Bible Study

This page is available in: Español

Bible Study: Day of Pentecost (A) – 2023

May 28, 2023

[RCL] Acts 2:1-21 or Numbers 11:24-30; Psalm 104:25-35, 37; 1 Corinthians 12:3b-13 or Acts 2:1-21; John 20:19-23 or John 7:37-39

Numbers 11:24-30

It is an unsettling thought for Joshua to think that God’s message might come out of someone random, someone surprising, people like Medad or Eldad, people we never hear about anywhere else in the Bible. Joshua seemed to fear the idea that people other than Moses could come so close to God that God would be able to speak through their voices and lives.

But in the verses before this passage begins, Moses is pleading with God for help with the people. Moses knew he needed help from his people, and so did God. We need each other to speak with God’s voice; we will hear the Spirit’s movement in surprising places.

  • When has the Spirit spoken to you from a surprising place?
  • How can you be open to God’s message to you coming from surprising places (or people)?

Psalm 104:25-35, 37

Not long ago, when I was able to go on a whale-watching tour, I felt like I was eavesdropping on someone else’s prayer. You see the blow, the column of moisture spraying out of the whale’s blowhole, and you hear the husky breath of the whale. You see the dark, smooth, serpentine movement of the whale coming out of the surface of the water, the dorsal fin appears, and then it disappears. Slowly, out of the water rises the big, beautiful fluke of the whale, with shining water dripping from it, and then it sinks slowly under the surface. The whale is using this movement with the fluke in the air to propel a powerful dive, deep into the sea, below the boat.

I think of Psalm 104, and what this powerful, playful display of the whale tells about God. What wisdom, what creativity, to design a creature such as the whale. Verse 27 says, “There is that Leviathan, which you have made for the sport of it.” The word “Leviathan” probably refers to a mythical sea monster, but the closest I’ve seen to that is a whale. And now I know what it looks like when God has fun. To see the whale in its glory is coming closer to seeing God in God’s glory, just as it is seeing anyone else being who they are made to be. And the relieving thing about the whale (and God) is that it has nothing to do with me. I was able to simply sit without interfering and watch the prayer of the whales, and the reciprocal delight of God.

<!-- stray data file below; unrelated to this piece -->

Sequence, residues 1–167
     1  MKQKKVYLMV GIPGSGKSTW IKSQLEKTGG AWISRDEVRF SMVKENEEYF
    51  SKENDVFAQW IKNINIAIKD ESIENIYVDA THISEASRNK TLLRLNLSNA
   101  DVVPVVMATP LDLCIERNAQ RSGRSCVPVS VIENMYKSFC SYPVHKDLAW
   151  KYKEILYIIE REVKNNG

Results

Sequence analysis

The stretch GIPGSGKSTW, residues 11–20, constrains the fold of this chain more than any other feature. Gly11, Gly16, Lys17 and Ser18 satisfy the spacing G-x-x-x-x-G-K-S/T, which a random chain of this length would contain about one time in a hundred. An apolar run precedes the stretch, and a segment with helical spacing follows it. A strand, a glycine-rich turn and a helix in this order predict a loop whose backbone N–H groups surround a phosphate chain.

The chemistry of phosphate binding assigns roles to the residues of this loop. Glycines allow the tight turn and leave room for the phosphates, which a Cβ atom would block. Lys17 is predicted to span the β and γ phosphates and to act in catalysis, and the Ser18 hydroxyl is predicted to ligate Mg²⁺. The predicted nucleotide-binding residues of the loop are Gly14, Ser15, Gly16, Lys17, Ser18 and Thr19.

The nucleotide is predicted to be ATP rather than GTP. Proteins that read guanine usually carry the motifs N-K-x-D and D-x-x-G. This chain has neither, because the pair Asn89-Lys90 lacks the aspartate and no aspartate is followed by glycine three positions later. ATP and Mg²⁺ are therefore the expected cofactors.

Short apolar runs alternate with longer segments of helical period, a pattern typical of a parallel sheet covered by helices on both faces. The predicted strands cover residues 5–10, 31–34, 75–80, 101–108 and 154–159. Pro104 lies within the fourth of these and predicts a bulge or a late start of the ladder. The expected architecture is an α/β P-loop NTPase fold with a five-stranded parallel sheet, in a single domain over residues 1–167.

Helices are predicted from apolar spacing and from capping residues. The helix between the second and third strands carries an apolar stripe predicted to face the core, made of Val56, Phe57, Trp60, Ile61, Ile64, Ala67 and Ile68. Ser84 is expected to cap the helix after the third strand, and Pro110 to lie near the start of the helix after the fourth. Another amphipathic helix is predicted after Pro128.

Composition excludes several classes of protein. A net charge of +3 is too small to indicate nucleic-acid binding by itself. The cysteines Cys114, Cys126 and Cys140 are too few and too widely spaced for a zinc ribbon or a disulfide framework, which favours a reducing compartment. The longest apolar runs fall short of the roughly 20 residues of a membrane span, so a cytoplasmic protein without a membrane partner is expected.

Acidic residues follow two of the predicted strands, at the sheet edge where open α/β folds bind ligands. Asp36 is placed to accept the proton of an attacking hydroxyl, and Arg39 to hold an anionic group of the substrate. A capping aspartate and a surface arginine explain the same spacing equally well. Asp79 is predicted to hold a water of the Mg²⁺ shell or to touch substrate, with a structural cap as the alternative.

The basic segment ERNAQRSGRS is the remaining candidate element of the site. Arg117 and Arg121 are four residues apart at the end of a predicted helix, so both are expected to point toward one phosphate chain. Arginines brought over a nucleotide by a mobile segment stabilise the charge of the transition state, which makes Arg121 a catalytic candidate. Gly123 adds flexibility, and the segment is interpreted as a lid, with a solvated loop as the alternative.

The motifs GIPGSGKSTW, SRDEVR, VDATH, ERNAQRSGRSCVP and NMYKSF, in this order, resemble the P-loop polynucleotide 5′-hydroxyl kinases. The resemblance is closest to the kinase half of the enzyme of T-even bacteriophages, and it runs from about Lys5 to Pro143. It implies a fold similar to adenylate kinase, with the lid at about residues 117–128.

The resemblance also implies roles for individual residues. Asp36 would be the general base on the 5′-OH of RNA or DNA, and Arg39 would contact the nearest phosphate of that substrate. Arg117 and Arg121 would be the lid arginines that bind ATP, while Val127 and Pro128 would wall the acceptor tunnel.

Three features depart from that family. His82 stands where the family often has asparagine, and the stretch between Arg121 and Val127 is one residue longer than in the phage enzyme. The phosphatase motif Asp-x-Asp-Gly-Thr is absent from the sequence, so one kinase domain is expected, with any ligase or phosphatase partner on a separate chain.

• When have you eavesdropped on the prayers of creation?
  • What does the creation around you have to tell you about the Spirit who creates and renews the face of the earth?

Acts 2:1-21

In Acts, as in the reading from Numbers, there seems to be a direct connection between the Spirit and the act of prophesying. Prophesying comes from being in direct contact with the Spirit of God. It is a speech act that is the result of God’s movement, of the pouring out of God’s Spirit.

But Acts tells us something crucial here. This Spirit-fueled speech act is one that is meant to bring people in; it gathers and embraces. It empowers people to speak of God’s power not only in a way that others can hear but in the languages of their hearts. The Holy Spirit gives the power of prophecy in order to traverse boundaries.

Peter reminds the people of the prophet Joel’s words, that God would pour out God’s Spirit “upon all flesh.” God’s dream is for all creatures to be moved by the Spirit such that we would be able to speak—and listen—across language and cultural differences, about the glory of God.

  • When have you been caught up by the Holy Spirit?
  • How have you seen the Spirit act to dissipate destructive division and gather people together?
  • How can the Spirit use you to participate in this ingathering?

John 7:37-39

Jesus says, “Let anyone who is thirsty come to me.” It is not belief that begins the inquiry, the searching; it is thirst. Our thirst propels us toward Jesus, but it is our belief that causes us to drink. Note: the belief follows the thirst, the searching, and the encounter.

The believer, compelled by their encounter with Christ, drinks. And then afterward, “out of the believer’s heart shall flow rivers of living water.” This living water is the Holy Spirit, flowing out from us, for the sake of the thirst of others. We are called to thirst, to search, to encounter, to believe, to drink, and then, to nourish others with God’s own Spirit. This is a Trinitarian dance we move in and out of throughout this life.

  • Are you in a moment of searching, encountering, believing, drinking, or nourishing others?

This page is available in: Español

Don’t forget to subscribe to the Sermons That Work podcast to hear this sermon and more on your favorite podcasting app! Recordings are released the Thursday before each liturgical date.

Receive Free Weekly Sermons That Work Resources!


Christopher Sikkema


Click here

This page is available in: Español